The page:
Putting down the smartphone and getting on with living

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Photo by ROBIN WORRALL on Unsplash

I’m addicted to my cell phone. And you probably are, too.

A couple of days ago, I realized I needed to get this addiction under control. So I downloaded an app on my phone called AntiSocial to understand how much I’m actually using — and how to restrict it.

Yesterday, I unlocked my phone 32 times. I spent more than one hour on social media. According to AntiSocial, that usage rates well below the norm for my age and gender. Annnnnd…. I just got an alert and unlocked the phone again while writing that sentence. SMDH.

See? It’s a problem.

At the end of the day, I don’t curl up with my boyfriend… I curl up with my phone and play Brick Breaker until I run my battery down to nothing. I don’t interact with him much, either… instead, I scroll through Instagram or Facebook. Either way, that little screen is in my hands or up against my head for more time than it should be.

The fact is, I really don’t restrict myself from using my phone. It’s really bad in the early morning when Mr. Fussypants has left for work and I don’t have the kids. Being alone is my cue to be a complete blob. On Monday, I scrolled through a ton of junk for a whole hour before I even got out of bed. I felt terrible about it.

I decided I need to quit this. There are so many more productive things I can do with my time.

Most of us spend eight hours on our computers at work. That in and of itself is terrible for us as human beings. There are all kinds of health risks that come with sitting and staring at screens. Then — if you’re like me — you go home and stare at your phone. It’s really bad.

So I decided to do something different.

Tuesday morning, I cut my usage back to half an hour, ran on the treadmill, took a shower, and painted tiny pink watercolor flowers for a while before I left for work. And guess what? I felt like a human being again.

On Wednesday morning, I only checked my email on my phone. In the evening, I left my it upstairs on the charger while I helped the kids make magnets for their lockers.

On Thursday morning, I ignored my phone. Then when I got home, after fighting with a Wordpress plugin for one of my clients for half an hour, I shut off the computer, made dinner, ate with my family, then headed downstairs to the art studio to help my son make a bracelet for his true love. (He’s 10.) Later, I went to visit my daughter in the library where she was finishing a book. Then we all went to bed, and I read a paperback until I fell asleep.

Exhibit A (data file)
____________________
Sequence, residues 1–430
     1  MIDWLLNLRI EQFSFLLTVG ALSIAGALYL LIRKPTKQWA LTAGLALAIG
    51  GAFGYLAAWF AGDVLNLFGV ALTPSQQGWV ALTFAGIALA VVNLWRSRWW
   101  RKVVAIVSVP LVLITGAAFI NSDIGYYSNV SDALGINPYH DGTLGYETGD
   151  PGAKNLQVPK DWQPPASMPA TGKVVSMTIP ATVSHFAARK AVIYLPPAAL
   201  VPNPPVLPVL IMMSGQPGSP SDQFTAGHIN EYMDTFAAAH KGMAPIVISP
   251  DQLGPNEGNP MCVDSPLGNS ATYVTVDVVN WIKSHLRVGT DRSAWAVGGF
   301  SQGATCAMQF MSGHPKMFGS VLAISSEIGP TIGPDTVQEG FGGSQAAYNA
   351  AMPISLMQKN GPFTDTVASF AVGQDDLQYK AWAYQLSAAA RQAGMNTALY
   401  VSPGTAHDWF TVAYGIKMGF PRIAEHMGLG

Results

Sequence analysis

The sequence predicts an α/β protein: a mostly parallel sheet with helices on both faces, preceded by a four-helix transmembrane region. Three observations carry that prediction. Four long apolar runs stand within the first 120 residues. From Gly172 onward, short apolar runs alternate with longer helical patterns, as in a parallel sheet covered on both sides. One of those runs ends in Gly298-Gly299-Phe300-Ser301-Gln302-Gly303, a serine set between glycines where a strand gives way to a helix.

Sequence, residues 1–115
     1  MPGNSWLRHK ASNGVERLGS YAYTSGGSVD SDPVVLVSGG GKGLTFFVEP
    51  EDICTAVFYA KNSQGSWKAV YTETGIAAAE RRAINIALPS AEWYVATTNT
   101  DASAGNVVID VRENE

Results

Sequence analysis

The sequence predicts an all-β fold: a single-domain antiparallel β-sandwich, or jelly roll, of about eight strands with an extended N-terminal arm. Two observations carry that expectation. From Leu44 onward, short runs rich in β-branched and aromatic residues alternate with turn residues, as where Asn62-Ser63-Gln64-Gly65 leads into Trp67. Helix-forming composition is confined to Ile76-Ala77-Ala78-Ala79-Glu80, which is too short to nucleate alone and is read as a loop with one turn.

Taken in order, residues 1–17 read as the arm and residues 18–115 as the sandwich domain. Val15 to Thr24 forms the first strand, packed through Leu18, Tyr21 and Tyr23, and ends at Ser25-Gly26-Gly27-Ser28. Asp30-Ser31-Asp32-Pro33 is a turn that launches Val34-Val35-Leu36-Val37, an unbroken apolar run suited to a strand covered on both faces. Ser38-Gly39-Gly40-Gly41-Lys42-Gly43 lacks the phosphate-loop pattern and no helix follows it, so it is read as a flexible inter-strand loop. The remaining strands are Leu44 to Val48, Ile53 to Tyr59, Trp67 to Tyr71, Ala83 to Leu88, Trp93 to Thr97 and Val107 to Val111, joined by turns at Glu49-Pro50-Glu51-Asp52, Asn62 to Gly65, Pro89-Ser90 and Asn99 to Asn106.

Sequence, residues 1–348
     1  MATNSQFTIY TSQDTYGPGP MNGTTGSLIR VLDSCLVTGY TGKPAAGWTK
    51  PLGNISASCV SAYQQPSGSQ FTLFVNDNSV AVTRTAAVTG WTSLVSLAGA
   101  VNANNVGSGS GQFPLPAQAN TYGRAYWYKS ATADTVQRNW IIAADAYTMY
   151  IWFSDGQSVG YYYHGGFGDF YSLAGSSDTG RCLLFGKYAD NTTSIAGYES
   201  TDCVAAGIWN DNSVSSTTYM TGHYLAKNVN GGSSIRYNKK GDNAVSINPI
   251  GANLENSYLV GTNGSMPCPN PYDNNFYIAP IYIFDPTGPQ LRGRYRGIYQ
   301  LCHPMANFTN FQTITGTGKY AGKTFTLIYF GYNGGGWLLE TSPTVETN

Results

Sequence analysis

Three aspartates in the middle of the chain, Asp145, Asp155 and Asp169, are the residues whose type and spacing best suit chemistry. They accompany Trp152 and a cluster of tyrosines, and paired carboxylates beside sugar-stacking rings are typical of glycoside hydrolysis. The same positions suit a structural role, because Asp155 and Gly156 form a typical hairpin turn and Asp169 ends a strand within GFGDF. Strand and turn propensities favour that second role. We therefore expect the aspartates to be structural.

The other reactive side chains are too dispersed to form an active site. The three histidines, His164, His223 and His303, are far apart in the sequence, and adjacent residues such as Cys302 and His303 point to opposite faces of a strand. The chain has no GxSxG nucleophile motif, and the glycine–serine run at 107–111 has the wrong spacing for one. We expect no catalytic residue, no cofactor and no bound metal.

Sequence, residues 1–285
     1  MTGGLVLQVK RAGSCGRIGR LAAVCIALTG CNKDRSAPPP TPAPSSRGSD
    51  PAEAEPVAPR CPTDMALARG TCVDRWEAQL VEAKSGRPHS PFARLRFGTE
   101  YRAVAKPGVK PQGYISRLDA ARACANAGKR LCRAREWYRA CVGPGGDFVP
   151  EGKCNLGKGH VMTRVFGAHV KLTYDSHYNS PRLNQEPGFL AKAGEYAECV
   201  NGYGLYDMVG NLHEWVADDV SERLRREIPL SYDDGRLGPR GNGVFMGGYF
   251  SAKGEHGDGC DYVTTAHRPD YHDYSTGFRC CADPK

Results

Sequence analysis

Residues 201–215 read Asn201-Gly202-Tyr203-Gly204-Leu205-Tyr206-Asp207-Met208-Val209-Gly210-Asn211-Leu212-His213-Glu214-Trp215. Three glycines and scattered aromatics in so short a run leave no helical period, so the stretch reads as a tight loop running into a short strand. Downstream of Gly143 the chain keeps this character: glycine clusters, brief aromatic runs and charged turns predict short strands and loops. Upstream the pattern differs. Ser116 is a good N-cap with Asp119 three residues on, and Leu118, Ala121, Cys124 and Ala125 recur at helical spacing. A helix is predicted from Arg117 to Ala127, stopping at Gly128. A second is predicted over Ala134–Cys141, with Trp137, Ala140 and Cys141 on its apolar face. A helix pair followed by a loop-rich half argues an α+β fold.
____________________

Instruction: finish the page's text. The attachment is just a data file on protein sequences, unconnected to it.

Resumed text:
Today is Friday, and although my phone still sits next to my keyboard, I don’t feel as beholden to it as I did at the beginning of the week. I feel like maybe — just maybe — my level of happiness grows as my smartphone usage is reduced.

The AntiSocial app keeps me appraised of my usage, and the guilt that comes along with the truly wasted time is motivation enough for me to unplug.

This realization made me ask myself some pretty tough questions:

Do I really need to know what’s going on with my friends from high school at six o’clock in the morning?

No.

Is it really important that I see what is trending on Twitter before I listen to Rachel Maddow when I get to work?

No.

Do I really have to know how many likes and comments one of my posts on LinkedIn got the night before?

No.

But these things are important to me:

  • Making art
  • Cuddling with Mr. Fussypants
  • Spending time with my kids
  • Exercising my fat ass
  • Prepping my lunch so I don’t have to buy food during the day
  • Loving my silly parrots
  • Reading and writing
  • Yard work (yes, I actually like cutting the grass)

This week I made the decision that every time I feel the urge to pick up my stupid phone, I’m going to steer myself in a different direction to do one or all of the things on the list above.

I also figured out that if I reward myself with time to paint, it’s much easier to get on the treadmill and bust out twenty minutes. Instead of oozing like a blob from the bed to the floor to the bathroom to the shower, I get up quickly and get started earlier so I have more time to paint. Motivation to exercise: found.

Is it hard to unplug? Yes.

Is it worth the effort to unplug? Yes.

Will I get more satisfaction out of life if I unplug? Hell, yes.

I’m just going to do it.

And I encourage you to do the same.

Esther Hofknecht Curtis, MSM-HCA is a freelance writer living in Dover, Delaware. Follow her on Facebook at https://www.facebook.com/TheArdentReader19977/

Book nerd and freelance writer finding gold in ordinary places. Email me at ejhcurtis@gmail.com Visit https://www.facebook.com/TheArdentReader19977/

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